The market share of battery-powered, plug-in, all-electric vehicles continues to increase worldwide – but with huge regional variations in 2018: from 30% in Norway to 2% in the USA. The uneven global uptick in EV sales is being driven by regional rent-seeking incentives and government regulations in an effort to reduce air pollution and greenhouse gas emissions. It’s interesting to note the evolutionary changes now occurring in tire trends and vehicle dynamics as EV market share continues to climb.
Consider tire design: a given tire has the same rolling resistance coefficient on an electric car as on an automobile powered by an ICE – but the contribution of the same tire to vehicle energy loss is significantly higher on the EV. This is because gasoline engines effectively deliver only 15% of their onboard fuel energy to the drive axle, while 65% is lost as heat. This is not so with battery-powered cars, which suffer negligible thermodynamic losses and have onboard efficiencies (by not accounting for upstream losses) of around 80% – with most of that going to the drive axle to overcome tire and aerodynamic drag, as well as braking losses.
Additionally, EVs are, on average, 20-30% heavier (about 450kg/1,000 lb) than a comparably sized, conventionally powered car due to battery weight. As a consequence, the tires carry heavier loads. It follows that tire rolling resistance forces that consume energy are proportionally higher on an EV even though tire rolling resistance coefficients are the same. Thus, there will be incentives (other than market forces) to further reduce the already low values of rolling friction of EV tires without compromising traction or tread wear.
Also consider the inverse relationship between overall tire diameter and rolling friction – i.e. with other conditions remaining the same, larger tires are more fuel efficient than their smaller diameter counterparts. Specifically, a 1% outer diameter increase results in approximately a 1% rolling resistance decrease. While the general concept was known to Coulomb in 1785, it was first exploited in a public way in the tire industry with Bridgestone’s somewhat oversized 155/55R19 tires fitted to the BMW i3 in 2013.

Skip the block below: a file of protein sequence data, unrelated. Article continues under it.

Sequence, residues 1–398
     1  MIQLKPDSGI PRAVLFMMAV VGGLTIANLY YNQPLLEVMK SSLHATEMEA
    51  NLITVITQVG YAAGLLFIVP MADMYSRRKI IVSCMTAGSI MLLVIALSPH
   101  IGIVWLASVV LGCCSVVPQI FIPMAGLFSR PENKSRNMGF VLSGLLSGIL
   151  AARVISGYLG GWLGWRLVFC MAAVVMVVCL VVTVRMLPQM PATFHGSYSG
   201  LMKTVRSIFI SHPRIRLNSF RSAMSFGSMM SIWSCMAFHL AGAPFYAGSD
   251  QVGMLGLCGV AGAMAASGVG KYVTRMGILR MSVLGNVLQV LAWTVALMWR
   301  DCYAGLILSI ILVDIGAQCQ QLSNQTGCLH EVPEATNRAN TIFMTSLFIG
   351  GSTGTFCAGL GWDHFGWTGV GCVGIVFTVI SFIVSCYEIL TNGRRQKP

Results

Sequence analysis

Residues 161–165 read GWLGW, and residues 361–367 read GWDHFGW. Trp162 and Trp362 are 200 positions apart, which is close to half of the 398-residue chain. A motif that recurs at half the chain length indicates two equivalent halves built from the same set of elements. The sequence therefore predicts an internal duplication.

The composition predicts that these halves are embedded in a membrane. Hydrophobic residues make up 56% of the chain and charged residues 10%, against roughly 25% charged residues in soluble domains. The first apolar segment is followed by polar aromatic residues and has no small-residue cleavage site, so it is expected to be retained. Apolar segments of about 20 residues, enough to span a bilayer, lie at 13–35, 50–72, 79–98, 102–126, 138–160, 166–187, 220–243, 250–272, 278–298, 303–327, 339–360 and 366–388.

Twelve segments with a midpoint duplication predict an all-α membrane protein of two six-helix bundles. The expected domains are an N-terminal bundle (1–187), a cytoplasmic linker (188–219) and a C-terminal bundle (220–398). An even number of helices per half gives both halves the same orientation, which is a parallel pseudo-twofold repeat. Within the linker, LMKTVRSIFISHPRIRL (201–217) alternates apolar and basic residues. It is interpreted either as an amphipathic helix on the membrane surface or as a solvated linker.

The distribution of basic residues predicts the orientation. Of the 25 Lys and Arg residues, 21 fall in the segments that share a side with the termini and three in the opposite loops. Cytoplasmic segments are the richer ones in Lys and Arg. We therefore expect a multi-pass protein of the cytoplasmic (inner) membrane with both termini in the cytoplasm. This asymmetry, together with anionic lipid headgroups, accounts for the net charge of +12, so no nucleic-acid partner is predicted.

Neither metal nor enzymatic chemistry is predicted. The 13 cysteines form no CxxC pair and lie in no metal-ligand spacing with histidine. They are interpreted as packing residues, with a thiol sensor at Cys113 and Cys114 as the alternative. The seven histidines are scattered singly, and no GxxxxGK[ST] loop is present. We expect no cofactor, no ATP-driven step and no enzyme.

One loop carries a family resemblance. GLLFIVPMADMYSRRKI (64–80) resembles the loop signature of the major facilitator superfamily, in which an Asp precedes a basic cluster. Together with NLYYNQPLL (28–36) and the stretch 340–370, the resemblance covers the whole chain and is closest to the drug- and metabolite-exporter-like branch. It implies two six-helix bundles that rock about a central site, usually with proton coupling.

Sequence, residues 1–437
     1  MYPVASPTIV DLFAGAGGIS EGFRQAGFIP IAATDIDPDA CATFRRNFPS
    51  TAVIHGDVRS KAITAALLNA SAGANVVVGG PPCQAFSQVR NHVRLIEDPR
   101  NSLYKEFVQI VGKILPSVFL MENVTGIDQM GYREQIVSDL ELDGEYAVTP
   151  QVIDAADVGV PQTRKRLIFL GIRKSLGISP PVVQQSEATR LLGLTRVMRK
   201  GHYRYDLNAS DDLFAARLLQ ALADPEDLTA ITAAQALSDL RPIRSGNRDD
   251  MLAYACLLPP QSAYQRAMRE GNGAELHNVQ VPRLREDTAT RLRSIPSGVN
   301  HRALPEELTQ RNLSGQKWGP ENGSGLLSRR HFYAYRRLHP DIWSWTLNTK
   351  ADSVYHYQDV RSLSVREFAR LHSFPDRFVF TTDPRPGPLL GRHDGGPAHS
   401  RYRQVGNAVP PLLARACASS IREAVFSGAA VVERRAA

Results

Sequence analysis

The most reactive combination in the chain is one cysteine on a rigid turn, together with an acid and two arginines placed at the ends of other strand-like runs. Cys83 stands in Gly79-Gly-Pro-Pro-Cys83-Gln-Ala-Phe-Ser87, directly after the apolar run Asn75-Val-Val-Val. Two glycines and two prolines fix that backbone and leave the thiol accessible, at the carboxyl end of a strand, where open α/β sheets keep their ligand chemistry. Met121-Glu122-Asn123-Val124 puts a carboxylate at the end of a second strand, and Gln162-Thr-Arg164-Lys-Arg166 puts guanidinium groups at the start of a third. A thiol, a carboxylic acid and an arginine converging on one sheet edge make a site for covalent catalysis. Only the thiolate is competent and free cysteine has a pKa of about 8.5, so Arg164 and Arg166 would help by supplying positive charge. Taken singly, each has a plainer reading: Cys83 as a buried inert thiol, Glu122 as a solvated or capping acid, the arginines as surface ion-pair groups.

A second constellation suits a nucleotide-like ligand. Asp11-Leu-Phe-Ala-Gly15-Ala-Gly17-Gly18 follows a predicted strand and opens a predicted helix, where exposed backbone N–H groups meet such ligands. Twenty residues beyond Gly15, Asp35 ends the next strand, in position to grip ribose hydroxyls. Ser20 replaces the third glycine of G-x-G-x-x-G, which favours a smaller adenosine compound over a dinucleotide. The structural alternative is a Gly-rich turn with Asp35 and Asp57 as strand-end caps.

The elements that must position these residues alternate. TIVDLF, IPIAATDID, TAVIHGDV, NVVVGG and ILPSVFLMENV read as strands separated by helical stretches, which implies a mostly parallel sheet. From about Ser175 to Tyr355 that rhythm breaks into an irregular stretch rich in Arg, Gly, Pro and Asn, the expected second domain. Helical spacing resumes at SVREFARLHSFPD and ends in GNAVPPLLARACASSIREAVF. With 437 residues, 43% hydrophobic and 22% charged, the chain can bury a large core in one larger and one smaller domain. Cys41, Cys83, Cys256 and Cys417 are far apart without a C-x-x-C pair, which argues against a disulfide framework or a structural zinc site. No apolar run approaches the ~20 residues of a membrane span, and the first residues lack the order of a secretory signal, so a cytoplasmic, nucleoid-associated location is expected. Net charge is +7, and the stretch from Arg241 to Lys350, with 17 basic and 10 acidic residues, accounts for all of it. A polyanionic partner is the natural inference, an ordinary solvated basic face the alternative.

But now consider another tire variable affecting vehicle fuel efficiency in the opposite way: rotational inertia. Some automotive energy is consumed in overcoming the inertia of rotating components during vehicle velocity variations – principally by the tire-wheel assemblies. The physical property governing this behavior is known as mass moment of inertia, which depends not only on tire-wheel dimensions and mass, but also on the distribution of mass about the spin axis. All other variables being equal, tall, narrow tires will have higher rotational inertia and less fuel efficiency than lower, oval, wider tires. These negative aspects could be consequential during city driving with frequent stop/start for which EVs seem ideally suited – and possibly negate the positive effects of lower friction from increased rolling radius.
Another consequence of tall, skinny tires is the resulting reduction of rubber in road contact compared with conventional counterparts. Less rubber in the footprint, coupled with heavier tire loads imposed by EV batteries, results in faster tread wear and reduced tire life. This fast wear tendency is exacerbated by the instant torque available on vehicles powered by electric motors during stop/start driving. Conversely, a positive characteristic of these taller tires is a more compliant sidewall, which will tend to reduce the number of bent wheels and damaged tires due to pothole impact.
Because of the heavy battery packs and electric motor(s) replacing an ICE, the added weights (mainly as sprung mass) and locations will affect EV ride and handling, consume additional onboard energy, and lower vehicle center of gravity – with positive and negative consequences.
For example, altered EV weight distributions will modify transient responses in roll, pitch and yaw. These tire and/or vehicle changes can be aptly handled by consumers and manufacturers; none are earth-shaking. The broader disruptive influence of electric vehicles, driven by pending government mandates, has yet to be experienced at the economic, environmental and societal levels. Time will tell.
Illustration: Phil Hackett